In the ever-growing Android ecosystem, the one thing that still misses the mark is the number of quality applications. For the past year or so, that’s really come to light. The developers that we’ve spoken to often talk about how it’s more difficult to build for Android than it is for iOS. Beyond that, building for Android takes time that could often be better spent focusing on iOS profits.
Unity Technologies is offering a solution, at least for games developers, to both of these problems. Its Unity platform is aiming to make it easier for existing games to get onto Android, and for future ones to start on numerous platforms.
For those who have already published their games, Unity is offering a simple way to port to the Android world. Pat Toulouse, president of Ratrod Studio, notes the simplicity with which Drift Mania Championship was ported:
We were very impressed with how simple it was to port our iPhone game Drift Mania Championship to Android. The complete process took less than a week, which consisted of minor graphic adjustments and some fine tuning.
Now, here’s the catch. Unity for Android will run you $400. If you’re developing a free game, that’s something to take into pretty heavy consideration. While it’s very possible to make money off of free titles, you’ll have to weigh that cost in advance. The pro version, with some heavily increased features, carries a heavily increased price tag of $1500.
So what do you get for your money? Actually quite a lot:
- Integrated Editor — Users can deploy a single project to multiple platforms, including Android, using a one-click solution that just works. Porting a game from iOS to Android can be as simple as changing the target platform and clicking “Build.”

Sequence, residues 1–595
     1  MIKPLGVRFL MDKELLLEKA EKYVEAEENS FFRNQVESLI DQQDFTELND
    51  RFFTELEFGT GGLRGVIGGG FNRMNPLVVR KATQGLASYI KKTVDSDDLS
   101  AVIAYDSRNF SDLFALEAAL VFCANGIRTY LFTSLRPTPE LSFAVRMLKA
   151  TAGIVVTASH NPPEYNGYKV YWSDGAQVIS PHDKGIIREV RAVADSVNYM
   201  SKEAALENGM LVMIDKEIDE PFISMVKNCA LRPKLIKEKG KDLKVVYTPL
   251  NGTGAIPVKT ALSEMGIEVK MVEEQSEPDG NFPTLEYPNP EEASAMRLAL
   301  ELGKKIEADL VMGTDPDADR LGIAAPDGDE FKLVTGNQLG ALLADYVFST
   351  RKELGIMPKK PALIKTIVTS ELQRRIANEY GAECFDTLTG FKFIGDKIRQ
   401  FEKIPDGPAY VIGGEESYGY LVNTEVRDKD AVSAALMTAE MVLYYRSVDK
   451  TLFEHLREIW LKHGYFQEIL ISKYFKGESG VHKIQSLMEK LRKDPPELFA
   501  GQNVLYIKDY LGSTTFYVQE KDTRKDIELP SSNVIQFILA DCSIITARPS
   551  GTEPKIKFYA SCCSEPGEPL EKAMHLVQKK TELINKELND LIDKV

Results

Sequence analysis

- Support for upcoming Android devices, including Tegra Tablets and the Sony Ericsson Xperia PLAY Smartphone — Users can be among the first to benefit from releasing games on the exciting range of Android-based gaming platforms.
- Highly Optimized Graphics Pipeline for OpenGL ES 2.0 — Unity Technologies has been working directly with hardware manufacturers such as NVIDIA and Qualcomm to get every last bit of performance out of Android so that users can create stunning games without worrying about the subtle difference between devices.
- Android Remote — Developers can use their actual Android phone as an input device to view and test their game directly within the authoring tool.
I’ve spent a few minutes, playing Drift Mania Championship side by site on my iPod Touch and Droid X. I can tell you that the team from Ratrod has done a great job with the porting process and it feels seamless moving from one device to the next. In fact — dare I say it? — the Android version even seems to look better, at least to my eyes.
While there has to be credit given to the individual developers for creating a successful port, a near-equal amount of credit has to go to Unity Technologies. Here’s hoping that, moving forward, the availability of the Unity platform will bring us even more great games to our Android devices.
Our thanks to TNW reader Vasile for the tip.
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